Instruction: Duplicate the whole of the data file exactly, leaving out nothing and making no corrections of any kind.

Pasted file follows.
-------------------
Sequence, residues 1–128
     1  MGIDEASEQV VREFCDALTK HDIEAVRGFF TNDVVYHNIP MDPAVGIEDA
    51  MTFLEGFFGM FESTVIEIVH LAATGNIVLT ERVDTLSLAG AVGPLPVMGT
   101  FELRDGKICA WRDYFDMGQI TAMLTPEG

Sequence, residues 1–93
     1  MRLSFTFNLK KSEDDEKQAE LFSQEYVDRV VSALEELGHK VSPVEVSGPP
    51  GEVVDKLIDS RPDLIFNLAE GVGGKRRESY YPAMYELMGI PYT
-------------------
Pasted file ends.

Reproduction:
Sequence, residues 1–128
     1  MGIDEASEQV VREFCDALTK HDIEAVRGFF TNDVVYHNIP MDPAVGIEDA
    51  MTFLEGFFGM FESTVIEIVH LAATGNIVLT ERVDTLSLAG AVGPLPVMGT
   101  FELRDGKICA WRDYFDMGQI TAMLTPEG

Sequence, residues 1–93
     1  MRLSFTFNLK KSEDDEKQAE LFSQEYVDRV VSALEELGHK VSPVEVSGPP
    51  GEVVDKLIDS RPDLIFNLAE GVGGKRRESY YPAMYELMGI PYT